Botulinum toxin injection for the treatment of oromandibular dystonia

Ann Otol Rhinol Laryngol. 1989 Feb;98(2):93-7. doi: 10.1177/000348948909800202.


Dystonia is a neurologic disorder characterized by abnormal, involuntary movements causing twisting and turning postures; it is postulated to be a disorder of central motor processing. The dystonias, when classified by region of the body involved, have been characterized as focal, segmental, and generalized. Focal dystonia can affect jaw mechanics, leading to forceful contraction of the jaw muscles and resulting in inappropriate deviation of the jaw. Localized injections of botulinum toxin have been used successfully in the management of other focal or segmental dystonias. We have treated 20 oromandibular dystonia patients with botulinum toxin. Six patients had only jaw and tongue involvement; 11 had blepharospasm and jaw involvement; and three had jaw involvement as part of a more generalized dystonia. Five patients had been diagnosed originally and treated as having temporomandibular joint syndrome. All but one of the patients had improvement of their symptoms with the toxin injections. The patients averaged 47% improvement with the injections.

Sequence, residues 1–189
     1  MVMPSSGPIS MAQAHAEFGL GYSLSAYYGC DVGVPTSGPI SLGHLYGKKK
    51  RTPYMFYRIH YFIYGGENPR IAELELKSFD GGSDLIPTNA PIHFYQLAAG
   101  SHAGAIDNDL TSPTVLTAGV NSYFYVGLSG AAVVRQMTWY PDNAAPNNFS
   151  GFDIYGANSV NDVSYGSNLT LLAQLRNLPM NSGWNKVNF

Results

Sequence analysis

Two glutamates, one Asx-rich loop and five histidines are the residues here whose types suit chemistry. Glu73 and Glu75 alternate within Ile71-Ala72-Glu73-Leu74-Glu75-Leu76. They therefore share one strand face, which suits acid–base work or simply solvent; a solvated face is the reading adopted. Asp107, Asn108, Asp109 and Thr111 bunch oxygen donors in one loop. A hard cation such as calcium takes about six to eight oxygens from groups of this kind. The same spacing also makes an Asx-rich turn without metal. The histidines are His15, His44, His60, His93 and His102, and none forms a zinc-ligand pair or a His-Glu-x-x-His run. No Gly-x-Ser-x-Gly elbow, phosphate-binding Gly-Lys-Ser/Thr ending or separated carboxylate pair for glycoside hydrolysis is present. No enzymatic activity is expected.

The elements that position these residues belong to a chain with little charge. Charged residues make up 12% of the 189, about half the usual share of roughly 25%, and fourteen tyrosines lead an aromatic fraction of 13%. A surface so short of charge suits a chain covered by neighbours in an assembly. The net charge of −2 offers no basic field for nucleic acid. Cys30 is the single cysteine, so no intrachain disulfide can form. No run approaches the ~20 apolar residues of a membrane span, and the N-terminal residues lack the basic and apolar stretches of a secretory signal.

MeSH terms

  • Aged
  • Aged, 80 and over
  • Botulinum Toxins / administration & dosage*
  • Dystonia / drug therapy*
  • Female
  • Follow-Up Studies
  • Humans
  • Injections, Intramuscular
  • Male
  • Masticatory Muscles*
  • Middle Aged


  • Botulinum Toxins